The people of Akwete in Ukwa East Local Government Area of Abia State have appealed to the federal and state governments to support women weavers in the community to hand-made cloth known as ‘ Akwa Akwete’ (Akwete cloth).
They argue that the cost of thread, which is their main raw material, has gone up astronomically, thereby increasing their cost of production.
They appeal to the federal government to, in the meantime, encourage local production of quality threads, especially cotton and silk threads, to enable them access quality raw materials at affordable rates.
They observe that the sustenance of the art of weaving would reduce unemployment and improve the economy of the locals, state and country at large.
Christian Uwaezuoke, secretary, Joint Council of Akwete, comprising Umuihueze, Amakam and Umueze autonomous communities, explained that the only time weavers in the community experienced government support was during the administration of Governor Sam Mbakwe of the old Imo State.
According to him, “The late Mbakwe, the then governor of old Imo state, from where Abia, Ebonyi and the present-day Imo were carved out, through his wife, recognised the creative ingenuity and contributions of Akwete women weavers to the development of Imo state.
“Part of his programme was to encourage local industries. He visited Akwete women and one of the questions proposed during the visit was how government can assist them,” he said.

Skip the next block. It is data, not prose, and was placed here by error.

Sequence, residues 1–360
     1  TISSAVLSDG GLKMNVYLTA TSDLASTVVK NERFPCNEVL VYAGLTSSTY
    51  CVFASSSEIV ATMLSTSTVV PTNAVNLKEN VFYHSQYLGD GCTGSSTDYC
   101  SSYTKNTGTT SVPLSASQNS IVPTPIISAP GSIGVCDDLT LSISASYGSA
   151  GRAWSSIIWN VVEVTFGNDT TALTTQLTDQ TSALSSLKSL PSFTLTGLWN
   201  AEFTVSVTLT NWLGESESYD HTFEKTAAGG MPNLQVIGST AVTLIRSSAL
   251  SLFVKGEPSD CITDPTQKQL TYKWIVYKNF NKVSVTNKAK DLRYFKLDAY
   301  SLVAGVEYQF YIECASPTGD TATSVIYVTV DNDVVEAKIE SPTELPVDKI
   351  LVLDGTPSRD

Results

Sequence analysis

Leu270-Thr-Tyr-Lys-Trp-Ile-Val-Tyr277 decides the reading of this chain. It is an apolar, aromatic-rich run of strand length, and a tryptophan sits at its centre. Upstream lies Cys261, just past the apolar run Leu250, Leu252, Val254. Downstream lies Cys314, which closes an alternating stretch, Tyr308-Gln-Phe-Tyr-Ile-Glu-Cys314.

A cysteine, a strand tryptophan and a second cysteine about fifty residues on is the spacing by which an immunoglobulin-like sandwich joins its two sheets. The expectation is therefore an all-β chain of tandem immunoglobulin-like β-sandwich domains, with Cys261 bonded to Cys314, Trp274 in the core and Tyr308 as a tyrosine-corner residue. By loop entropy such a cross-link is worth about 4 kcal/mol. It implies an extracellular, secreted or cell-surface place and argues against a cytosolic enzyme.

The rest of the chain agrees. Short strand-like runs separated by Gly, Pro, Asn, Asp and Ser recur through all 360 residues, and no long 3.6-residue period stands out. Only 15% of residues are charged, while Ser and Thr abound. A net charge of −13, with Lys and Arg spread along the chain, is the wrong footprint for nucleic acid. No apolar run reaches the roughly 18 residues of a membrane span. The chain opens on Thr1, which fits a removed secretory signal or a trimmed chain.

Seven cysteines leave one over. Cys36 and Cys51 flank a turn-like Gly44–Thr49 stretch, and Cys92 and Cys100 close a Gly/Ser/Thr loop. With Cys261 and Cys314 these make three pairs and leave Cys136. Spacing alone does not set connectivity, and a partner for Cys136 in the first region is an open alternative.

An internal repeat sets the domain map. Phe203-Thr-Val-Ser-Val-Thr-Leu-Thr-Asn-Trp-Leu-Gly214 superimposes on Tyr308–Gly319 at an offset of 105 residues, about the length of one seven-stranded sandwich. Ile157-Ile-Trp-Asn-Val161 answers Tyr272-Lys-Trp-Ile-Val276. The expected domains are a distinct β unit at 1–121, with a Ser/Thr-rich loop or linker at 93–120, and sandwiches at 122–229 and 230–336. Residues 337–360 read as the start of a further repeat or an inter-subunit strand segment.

Mbakwe donated N50,000, which led to the setting up of the Women Weaving Cooperative Society Centre, which also serves as their showroom, Uwaezuoke said.
He stated that Uzoma Abonta, member, representing Ukwa East and Ukwa West in the House of Representatives, recently reroofed the building as an honour to his late mother, Rosalind Abonta, who was the pioneer leader of the women.
“Beyond that, all subsequent governments have not done anything to support women weavers in the Akwete.
“There was a time Akwete women weavers hosted a team from the Raw Materials Research and Development Council, who said they were in the community to understudy the cloth production and know how they could help boost its marketability. But after that visit, nobody heard from them. It is over three years now, but nothing has been done.
“Also, some time ago, some youths came to understudy it and know how to leverage its marketability through linking some companies overseas, but after that nothing came out of it.
“The original piece of this cloth is showcased in the British Museum in London, where it is showcasing Nigeria and black man’s contributions to civilisation.
“Government takes our women to showcase their products at trade fairs, but after every event, nothing comes out of it. Our women also participated at FESTAC 77.
“This cloth industry has made some contributions to economic development. Meanwhile, government is talking about local content policy, looking inwards, but nothing is happening,” he argued.
Helen Ebere, president, Akwete Cooperative Women/ Weavers Association, urged government to help them source silk and cotton thread at cheaper rates.
“They can help us access loans that will enable us engage more hands to weave. This is a gift God gave to us. We’re not good traders, the only thing we do and know is to weave and we love it,” she said.
Patience Okere, a weaver, who said she started the art of weaving at the age of 12, explained that the art was inborn in every female child born in Akwete and appealed to government to assist them.